Henriette Jacobsen, TheCostaRicaNews.com
Many of us have been wondering about it as we shop in our local super markets. Now the World Bank has confirmed our suspicion. Food prices have indeed gone up over the past year.
The latest edition of the World Bank’s Food Price Watch shows that the prices on food in Costa Rica rose 6% from December 2009 to December 2010. The year before the food prices also rose by 5%. This means, according to the World Bank, that we are heading towards the 2008 peak where prices skyrocketed to their highest level in 30 years. However, the average price for wheat in Costa Rica fell 15% over the last year. According to the World Bank’s food price index, the wheat price rose globally almost 70%, the price for maize increased 74%, sugar became 21% more expensive, and the popular Costa Rican export, bananas, became 23% more pricey.
Food prices have soared due to a combination of severe weather events in key grain exporting countries, the increasing use for biofuel production, export restrictions, and low global stocks. The food price hike is also linked to surging fuel prices. Crude oil increased 21% in the first quarter of 2011 as a result of unrest in North Africa and the Middle East.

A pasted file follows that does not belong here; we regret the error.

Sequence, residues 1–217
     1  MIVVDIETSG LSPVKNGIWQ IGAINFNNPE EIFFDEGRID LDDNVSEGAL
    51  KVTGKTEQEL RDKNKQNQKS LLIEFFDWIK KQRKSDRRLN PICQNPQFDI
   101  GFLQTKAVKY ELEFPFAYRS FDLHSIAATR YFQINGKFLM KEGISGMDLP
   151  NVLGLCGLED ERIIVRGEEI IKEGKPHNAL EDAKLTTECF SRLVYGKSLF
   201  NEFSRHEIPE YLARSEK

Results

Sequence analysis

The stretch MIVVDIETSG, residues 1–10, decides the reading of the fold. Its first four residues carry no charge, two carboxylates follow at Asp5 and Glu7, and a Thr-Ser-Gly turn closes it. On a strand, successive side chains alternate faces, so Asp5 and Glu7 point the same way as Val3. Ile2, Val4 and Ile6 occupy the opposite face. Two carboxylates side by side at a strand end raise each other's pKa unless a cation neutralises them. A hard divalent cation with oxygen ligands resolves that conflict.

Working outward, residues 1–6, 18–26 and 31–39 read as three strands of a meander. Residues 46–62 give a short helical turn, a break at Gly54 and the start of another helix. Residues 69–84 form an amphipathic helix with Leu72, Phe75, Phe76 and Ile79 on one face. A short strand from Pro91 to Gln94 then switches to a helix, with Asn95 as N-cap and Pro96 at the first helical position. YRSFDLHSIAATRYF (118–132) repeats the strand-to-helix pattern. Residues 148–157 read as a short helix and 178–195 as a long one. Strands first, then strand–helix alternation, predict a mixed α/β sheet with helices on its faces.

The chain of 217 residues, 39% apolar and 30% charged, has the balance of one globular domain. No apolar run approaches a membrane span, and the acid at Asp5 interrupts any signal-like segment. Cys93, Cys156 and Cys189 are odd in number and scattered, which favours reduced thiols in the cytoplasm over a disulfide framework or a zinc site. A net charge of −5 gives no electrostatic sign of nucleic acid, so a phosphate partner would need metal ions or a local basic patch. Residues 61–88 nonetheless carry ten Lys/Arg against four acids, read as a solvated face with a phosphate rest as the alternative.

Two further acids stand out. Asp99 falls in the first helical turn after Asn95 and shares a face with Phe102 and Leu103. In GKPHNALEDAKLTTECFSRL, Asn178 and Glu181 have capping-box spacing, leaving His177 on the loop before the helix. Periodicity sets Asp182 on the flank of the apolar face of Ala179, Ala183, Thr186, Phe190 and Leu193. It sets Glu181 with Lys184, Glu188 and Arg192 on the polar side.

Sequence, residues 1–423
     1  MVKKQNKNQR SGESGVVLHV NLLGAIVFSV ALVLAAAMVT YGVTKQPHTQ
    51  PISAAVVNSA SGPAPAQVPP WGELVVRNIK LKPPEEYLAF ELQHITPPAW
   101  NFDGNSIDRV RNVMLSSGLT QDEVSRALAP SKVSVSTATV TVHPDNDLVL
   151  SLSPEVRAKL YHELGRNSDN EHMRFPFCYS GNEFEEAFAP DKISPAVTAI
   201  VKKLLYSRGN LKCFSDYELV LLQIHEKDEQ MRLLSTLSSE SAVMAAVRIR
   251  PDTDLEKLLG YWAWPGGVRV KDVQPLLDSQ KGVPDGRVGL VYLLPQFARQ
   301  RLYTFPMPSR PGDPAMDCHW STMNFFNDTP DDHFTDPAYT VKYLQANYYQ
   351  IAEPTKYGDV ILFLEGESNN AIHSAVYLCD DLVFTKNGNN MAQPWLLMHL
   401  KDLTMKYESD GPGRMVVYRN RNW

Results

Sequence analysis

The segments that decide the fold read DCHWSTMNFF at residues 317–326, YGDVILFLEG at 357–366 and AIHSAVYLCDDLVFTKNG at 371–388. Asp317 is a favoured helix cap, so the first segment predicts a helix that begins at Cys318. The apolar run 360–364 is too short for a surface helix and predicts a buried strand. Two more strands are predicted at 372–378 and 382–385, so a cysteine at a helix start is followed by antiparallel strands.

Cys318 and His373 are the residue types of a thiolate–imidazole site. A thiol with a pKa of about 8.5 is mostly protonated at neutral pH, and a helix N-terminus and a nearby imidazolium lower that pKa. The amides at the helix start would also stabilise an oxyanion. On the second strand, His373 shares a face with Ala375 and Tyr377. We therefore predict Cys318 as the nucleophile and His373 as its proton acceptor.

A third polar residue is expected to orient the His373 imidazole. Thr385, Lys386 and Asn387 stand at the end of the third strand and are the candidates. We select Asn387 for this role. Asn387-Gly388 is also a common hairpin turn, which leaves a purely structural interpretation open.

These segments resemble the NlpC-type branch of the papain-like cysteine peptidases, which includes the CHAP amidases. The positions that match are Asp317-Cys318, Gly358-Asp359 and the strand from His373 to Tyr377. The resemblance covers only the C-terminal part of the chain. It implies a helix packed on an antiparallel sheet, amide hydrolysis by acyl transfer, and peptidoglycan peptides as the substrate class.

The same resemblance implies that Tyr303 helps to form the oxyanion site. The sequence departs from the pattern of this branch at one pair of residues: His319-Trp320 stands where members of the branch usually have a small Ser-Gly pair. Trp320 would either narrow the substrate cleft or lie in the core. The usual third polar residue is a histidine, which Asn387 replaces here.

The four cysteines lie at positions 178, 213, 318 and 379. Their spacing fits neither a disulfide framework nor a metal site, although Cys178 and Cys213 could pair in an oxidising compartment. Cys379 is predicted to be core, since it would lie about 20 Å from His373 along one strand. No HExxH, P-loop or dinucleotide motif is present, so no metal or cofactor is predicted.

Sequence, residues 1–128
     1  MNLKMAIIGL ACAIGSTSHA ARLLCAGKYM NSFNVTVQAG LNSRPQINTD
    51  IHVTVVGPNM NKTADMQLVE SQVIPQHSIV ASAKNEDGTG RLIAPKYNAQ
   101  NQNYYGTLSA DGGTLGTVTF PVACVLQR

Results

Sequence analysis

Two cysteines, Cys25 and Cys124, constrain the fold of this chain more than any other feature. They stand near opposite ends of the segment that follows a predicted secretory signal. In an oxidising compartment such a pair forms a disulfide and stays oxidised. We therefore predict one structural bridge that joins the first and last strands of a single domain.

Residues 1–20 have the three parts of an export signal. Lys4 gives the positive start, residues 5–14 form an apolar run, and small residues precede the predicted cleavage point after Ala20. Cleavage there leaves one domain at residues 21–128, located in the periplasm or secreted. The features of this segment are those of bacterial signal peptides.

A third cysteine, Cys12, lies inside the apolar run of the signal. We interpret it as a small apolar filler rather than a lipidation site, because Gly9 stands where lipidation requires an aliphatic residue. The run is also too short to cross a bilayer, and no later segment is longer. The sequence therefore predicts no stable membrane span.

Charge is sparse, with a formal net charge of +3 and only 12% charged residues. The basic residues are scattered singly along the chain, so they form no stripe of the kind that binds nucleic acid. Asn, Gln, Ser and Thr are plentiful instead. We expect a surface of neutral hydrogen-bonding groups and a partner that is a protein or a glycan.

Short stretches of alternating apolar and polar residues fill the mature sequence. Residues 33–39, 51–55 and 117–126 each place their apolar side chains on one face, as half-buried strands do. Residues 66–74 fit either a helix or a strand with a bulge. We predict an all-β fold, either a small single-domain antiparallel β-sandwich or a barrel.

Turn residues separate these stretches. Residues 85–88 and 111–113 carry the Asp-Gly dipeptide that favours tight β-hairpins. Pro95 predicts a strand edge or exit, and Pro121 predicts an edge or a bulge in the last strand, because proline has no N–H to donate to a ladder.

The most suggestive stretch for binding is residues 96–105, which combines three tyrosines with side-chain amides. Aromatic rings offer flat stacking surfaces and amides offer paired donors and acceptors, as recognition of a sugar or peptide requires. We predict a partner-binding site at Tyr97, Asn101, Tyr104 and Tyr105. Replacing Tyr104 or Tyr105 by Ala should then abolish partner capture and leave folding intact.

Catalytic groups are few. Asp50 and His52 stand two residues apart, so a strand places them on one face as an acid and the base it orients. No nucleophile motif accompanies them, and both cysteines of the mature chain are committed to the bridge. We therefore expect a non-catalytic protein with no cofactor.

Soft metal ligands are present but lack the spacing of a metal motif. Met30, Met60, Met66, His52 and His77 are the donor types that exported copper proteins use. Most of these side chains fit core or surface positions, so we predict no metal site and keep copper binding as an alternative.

As a result of the higher food prices, the World Bank estimates than an additional 44 million people have come below the $1,25 dollar extreme poverty line since June 2010. A further 10% increase in food prices could lead to 10 million people falling into poverty, and a 30% increase could increase poverty by 34 million people.
“More poor people are suffering and more people could become poor because of high and volatile food prices. We have to put food first and protect the poor and vulnerable, who spend most of their money on food,” World Bank Group President Robert B. Zoellick said in a press release.
The Food and Agriculture Organization of the United Nations (FAO) will hold a seminar in Tunisia from May 2-4 to address the high food prices. The FAO event’s purpose is to allow decision-makers from government ministries (agriculture, trade and finance) to exchange experiences from the 2008 food price crisis and become better acquainted with various policy measures.